June 16, 2005






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         Travis Charbeneau  3421 Hanover Ave., Richmond, VA 23221
            travischarbeneau@gmail.com    Phone: 804 358 0417
                           www.travischarbeneau.com





                           The Frontier is Here
                             Travis Charbeneau
                              slug "frontier"
                                 811 words
PULL QUOTE: "Asked what he thought of Western Civilization, Gandhi famously 
replied 'it would be a good idea.' It still is." 
Over the last 100 years, the American branch of Western Civilization has pretty 
much come to own and operate the worldwide civilization franchise with 
capitalism, technology, hard partying. It all followed our original Historic 
Mission to civilize the American wilderness, turning pioneers into "townsmen," 
or "civis," the Latin root for "civilization." That was short work.
Thomas Jefferson anticipated 100 _generations_ to settle the West. It took only 
80 years. And, not only was the frontier officially closed by 1890; that same 
year the Trans-Mississippi West became America's most urbanized region. Clearly, 
we had not struggled West to live in the woods. We wanted a house in town.
But, "Now that we're here, where are we?" And who? Confirmed urbanites since 
1890, we still can't shake the mythic Wild West, dime novel character invented 
during our brief cowboy epoch. For America, getting there was _all_ the fun.
So we kept going. In 1898 alone we civilized Hawaii and The Philippines. We 
"opened" China and acquired other places, officially and otherwise. This meant 
forsaking our homespun republican values for the glamour of Empire, but it 
served our need for "Manifest Destiny." Ever-greater imperial mischief followed 
our growing power as World and Cold War victors, right into Iraq -- all due in 
part to our love for the lost cowboy; and lost purpose. Today's frustrated 
commuter, trapped in traffic and a complex, ambiguous world, yearns for this 
simple frontier spirit. The very name of his gas-guzzling SUV -- "Trailblazer, 
Explorer, Trooper" -- rings with the thrilling certainty of Historic Mission.  
Perversely, "the thrilling certainty of Historic Mission" is exactly what our 
terrorist foes have in spades. They reject, however selectively, the very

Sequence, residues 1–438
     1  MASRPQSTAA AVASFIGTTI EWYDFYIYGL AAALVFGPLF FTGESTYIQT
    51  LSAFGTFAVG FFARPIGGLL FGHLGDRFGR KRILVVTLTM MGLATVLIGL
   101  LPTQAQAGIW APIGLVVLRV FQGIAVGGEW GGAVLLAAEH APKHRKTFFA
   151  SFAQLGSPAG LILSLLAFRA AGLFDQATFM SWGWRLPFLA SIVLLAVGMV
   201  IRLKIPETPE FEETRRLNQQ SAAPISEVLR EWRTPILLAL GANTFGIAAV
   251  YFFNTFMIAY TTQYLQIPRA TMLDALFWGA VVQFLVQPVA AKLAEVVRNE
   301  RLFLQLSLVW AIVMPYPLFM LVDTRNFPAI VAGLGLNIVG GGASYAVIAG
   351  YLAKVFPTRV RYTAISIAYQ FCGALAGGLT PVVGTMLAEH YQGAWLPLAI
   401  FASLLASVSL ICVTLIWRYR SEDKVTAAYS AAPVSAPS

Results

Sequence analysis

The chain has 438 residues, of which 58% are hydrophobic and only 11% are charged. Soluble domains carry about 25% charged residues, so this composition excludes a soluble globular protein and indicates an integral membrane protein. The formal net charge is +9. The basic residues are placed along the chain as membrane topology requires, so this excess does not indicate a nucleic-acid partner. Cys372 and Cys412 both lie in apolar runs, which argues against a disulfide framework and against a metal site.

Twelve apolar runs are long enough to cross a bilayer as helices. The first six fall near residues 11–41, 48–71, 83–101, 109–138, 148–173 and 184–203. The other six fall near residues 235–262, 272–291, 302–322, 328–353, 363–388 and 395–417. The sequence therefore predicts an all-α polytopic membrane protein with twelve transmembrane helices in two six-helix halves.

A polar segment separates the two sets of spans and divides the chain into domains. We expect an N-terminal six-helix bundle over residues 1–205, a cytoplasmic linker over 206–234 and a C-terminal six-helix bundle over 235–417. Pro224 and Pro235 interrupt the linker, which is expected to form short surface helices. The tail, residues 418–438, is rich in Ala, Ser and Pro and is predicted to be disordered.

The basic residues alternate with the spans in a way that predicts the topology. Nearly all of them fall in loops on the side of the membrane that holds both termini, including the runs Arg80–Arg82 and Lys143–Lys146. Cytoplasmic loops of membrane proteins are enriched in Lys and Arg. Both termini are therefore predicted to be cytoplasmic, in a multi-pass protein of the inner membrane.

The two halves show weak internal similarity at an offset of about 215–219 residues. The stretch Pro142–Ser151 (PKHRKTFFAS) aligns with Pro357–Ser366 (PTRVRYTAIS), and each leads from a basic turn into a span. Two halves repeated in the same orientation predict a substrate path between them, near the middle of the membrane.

modernity our forefathers fought so hard to achieve. Yearning for their own 
myths, they hate Western Civilization. But, again, in many ways, so do we.
Since 1890, countless novels and movies have raised to mythic tragedy the now-
cliched "Butch and Sundance" dilemma of macho frontier sensibilities ruthlessly 
crushed by the soulless machinery of ever-encroaching civilization; its barbed 
wire and bureaucrats. We end up cheering for the outlaws; even the Indians! This 
neurotic and oft-pushed nostalgia button leaves Americans vulnerable to bogus 
crusades and phony frontiers.
Our latest crusade battles for too-cheap oil -- against the terrorism that too-
cheap oil helps create. (America has kept gasoline _below_ 1955's 35 cents a 
gallon. Google "Consumer Price Index" for yourself and check "Inflation 
Calculator.") But, as a Historic Mission, "Cheap Gas" simply fails to inspire. 
It's not even "cheap" counting the pollution, the wars, and now the morally 
awkward scarcity of military volunteers while the bad guys are awash in eager 
Kamikazes. 
Our most literal and sad "New Frontier" was JFK's hash of Cold War saber-rattle 
and timid social policy for the Sixties, the same decade that ended with the de 
facto closing of "Space ... the final frontier." Kennedy hurried us to the Moon 
where all we found was that stubborn "Now that we're here ..." We haven't been 
back since. Sci-fi movies may replace Westerns, but real space offers nothing 
nearly so appealing as what used to be California. Space still qualifies as the 
final frontier, but not the next one. That involves unfinished business right 
here.
Asked what he thought of Western Civilization, Gandhi famously replied, "It 
would be a good idea." It still is. As Gandhi recognized, we never finished our 
original civilizing mission. We built the cities, but still haven't "settled" 
them -- hardly news to anybody who's even visited one. Challenged to civilize 
the wilderness of American frontier, we have yet to civilize the wilderness of 
American ideals. It took 250 years just to get the slavery out.
Now, new "Culture Wars" rage over similarly-conflicting notions about what 
"civilization" truly means. Though reasonable folks may differ, surely "peace" 
should be topping the list. Yet, from Jericho 8,000 BCE to Jericho 2005, 
civilization's 10,000 years haven't produced very much "civilization." We're not 
only still killing each other, but we won't get another thousand, let alone 
10,000 years to stop.
Past civilizations crumbled happily from their fatal flaws, but no flaw is so 
fatal as the thermonuclear device. We may yet "restore" genuine wilderness. Tiny 
wagon trains of radioactive cockroach families will be creaking Westward along 
some post-atomic Santa Fe Trail, marveling at the ruins left by the monkey 
people. 
We still confront a wilderness of poverty, tyranny and superstition behind 
civilized facades of glass and steel. Even as the planet's small remaining 
natural wilderness hides in nature preserves under wildlife management, 
civilization remains a fearful jungle where, as ever, from the streets to the 
suites, the strong continue to prey on the weak.
The "permanent frontier" is the civilized world America now bestrides like the 
proverbial colossus, delicate parts dangerously exposed. Never mind the cowboy. 
We've got all the Historic Mission we can handle completing the unfinished work 
of 1890.
                               -30-